Egypt's shattered economy was boosted this week by Gulf allies pledging billions of dollars in aid, but analysts say this simply buys time as political turmoil deepens its economic malaise.
The millions of ordinary Egyptians angered by record high unemployment, soaring inflation and chronic fuel shortages who took to the streets two weeks ago demanding Mohamed Morsy's resignation blamed him for letting the economy nosedive.
Fuel supplies have returned, after panic buying before the military coup on 3 July, and three Gulf monarchies relieved at the toppling of Egypt's Islamist president have pledged $12 billion in assistance.
But dire security problems and political instability mean a return of the tourists and foreign investment that Egypt so desperately needs are a distant prospect.
And progress remains stalled on negotiations with the International Monetary Fund on a $4.8-billion loan.
"Even if they do agree on the loan, I just don't believe that we're going to see a flood of investment," said financial analyst Andrew Cunningham.
"The country has been in turmoil since 2011, there's just been a military coup and they're shooting people on the streets. This is hardly an attractive prospect."
Gulf pledges of financial assistance are a lifeline for the new administration.
Foreign reserves have fallen by almost 60 percent since the revolution that toppled Hosni Mubarak in February 2011, to $14.9 billion in June — the equivalent of just three months of imports.
Kuwait offered $4 billion in cash, loans and fuel, with Saudi Arabia contributing $5 billion and the United Arab Emirates another $3 billion.
But Cunningham warned that, while welcome, the cash injection was not a long-term solution.
"We're still talking plasters and bandages. The challenges are enormous and they are structural. Egypt's economy has been badly managed for decades, and it didn't improve under Morsy."
Illustrating the severity of the problem, the latest data from Egypt's official statistics agency shows that unemployment jumped after Mubarak's ouster and then rose steadily over the next two years to reach a record 13.2 percent in March.
Problems Egypt's new rulers will have to confront if they are to reverse the inexorable decline include corruption, poor education, a bloated public sector, low productivity and unsustainable food and fuel subsidies.
"They need to fix the entire system," said Ahmed Galal, head of the Eco Research Forum.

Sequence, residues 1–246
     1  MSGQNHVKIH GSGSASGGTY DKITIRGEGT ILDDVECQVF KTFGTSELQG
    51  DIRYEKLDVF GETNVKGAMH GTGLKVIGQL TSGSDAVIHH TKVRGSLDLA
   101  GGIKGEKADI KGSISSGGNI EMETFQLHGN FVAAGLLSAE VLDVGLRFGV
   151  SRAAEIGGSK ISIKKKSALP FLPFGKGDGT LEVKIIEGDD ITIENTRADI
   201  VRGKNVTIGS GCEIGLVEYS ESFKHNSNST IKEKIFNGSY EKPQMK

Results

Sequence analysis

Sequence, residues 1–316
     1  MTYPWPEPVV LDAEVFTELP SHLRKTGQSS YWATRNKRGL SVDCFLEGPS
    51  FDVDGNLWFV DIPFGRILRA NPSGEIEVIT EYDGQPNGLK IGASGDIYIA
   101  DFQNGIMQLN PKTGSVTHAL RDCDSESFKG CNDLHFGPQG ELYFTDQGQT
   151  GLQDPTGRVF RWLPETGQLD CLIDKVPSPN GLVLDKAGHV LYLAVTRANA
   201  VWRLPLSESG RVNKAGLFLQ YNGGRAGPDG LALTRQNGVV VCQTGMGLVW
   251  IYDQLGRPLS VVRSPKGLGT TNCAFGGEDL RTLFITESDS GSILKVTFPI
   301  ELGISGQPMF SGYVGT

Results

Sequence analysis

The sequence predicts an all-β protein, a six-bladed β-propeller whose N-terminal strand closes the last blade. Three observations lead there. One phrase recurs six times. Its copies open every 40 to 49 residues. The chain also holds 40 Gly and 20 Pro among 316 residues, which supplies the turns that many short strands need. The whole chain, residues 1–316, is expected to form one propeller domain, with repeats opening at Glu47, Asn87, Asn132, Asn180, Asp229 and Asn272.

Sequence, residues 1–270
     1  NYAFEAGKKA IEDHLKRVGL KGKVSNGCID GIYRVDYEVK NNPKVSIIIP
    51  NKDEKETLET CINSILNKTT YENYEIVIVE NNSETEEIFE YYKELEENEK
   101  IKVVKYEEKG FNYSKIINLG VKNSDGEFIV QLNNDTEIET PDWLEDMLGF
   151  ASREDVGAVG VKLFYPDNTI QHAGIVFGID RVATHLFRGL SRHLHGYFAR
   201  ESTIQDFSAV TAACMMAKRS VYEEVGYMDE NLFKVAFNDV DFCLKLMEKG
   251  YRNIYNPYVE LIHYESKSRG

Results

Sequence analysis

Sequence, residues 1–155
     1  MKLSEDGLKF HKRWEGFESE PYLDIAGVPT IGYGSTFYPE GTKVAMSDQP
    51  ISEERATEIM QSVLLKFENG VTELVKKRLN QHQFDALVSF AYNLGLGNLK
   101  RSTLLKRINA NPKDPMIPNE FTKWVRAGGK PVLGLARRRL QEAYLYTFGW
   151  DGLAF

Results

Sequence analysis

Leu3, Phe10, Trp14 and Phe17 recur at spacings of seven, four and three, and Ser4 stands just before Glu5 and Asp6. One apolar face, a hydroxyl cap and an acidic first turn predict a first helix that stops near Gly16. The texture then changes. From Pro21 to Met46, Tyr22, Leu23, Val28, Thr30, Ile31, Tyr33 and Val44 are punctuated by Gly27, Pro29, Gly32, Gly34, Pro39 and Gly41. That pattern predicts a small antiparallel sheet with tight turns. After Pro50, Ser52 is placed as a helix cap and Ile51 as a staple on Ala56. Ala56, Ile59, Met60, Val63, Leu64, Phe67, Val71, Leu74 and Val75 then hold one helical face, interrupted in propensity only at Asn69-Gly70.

"It's going to be difficult to do, but it's doable, with a lot of dedication," he told AFP, adding that stability and appointing a competent government will be crucial if Egypt's economic woes are to be resolved.
This week Hazem al-Beblawi, a former finance minister and accomplished economist with long experience of working with international financial institutions, was named prime minister.
But his task of forming a national unity government was immediately complicated by Morsy's Muslim Brotherhood rejecting any offer of jobs in the new cabinet.
US intelligence firm Stratfor believes the instability goes far beyond political divisions.
It said growing poverty and joblessness, "arguably among the root causes of the uprising in 2011," was part of a "swelling trend" that motivated the recent protests.
"It is possible that the new government will find a level of stability that the increasingly isolated Muslim Brotherhood leadership was unable to sustain in the face of rising disputes with the former coalition partners and an obstructionist judiciary," it said.
But "mounting demographic and economic pressures" mean the country's new leaders will face economic challenges "that become incrementally more difficult with each passing year."
Egypt is the Arab world's most populous nation, and has witnessed an astonishing 50 percent rise in its population since 1990.
Last year it hit 84 million, "one in four of whom live below the poverty line and only survive thanks to subsidised wheat," according to agricultural expert Sebastien Poncelet.
Egypt imports about 10 million tonnes of wheat annually, with its own production supplying less than half of demand, which was 18 million tonnes in 2012.
The acute shortage of foreign currency has hampered imports over the past six months, so financial aid from the Gulf will help Cairo cover its cost in the short term.
But to be able to supply cheap bread, a key ingredient in maintaining social stability, "the economy must be able to generate sustainable income over the long-term," said Galal.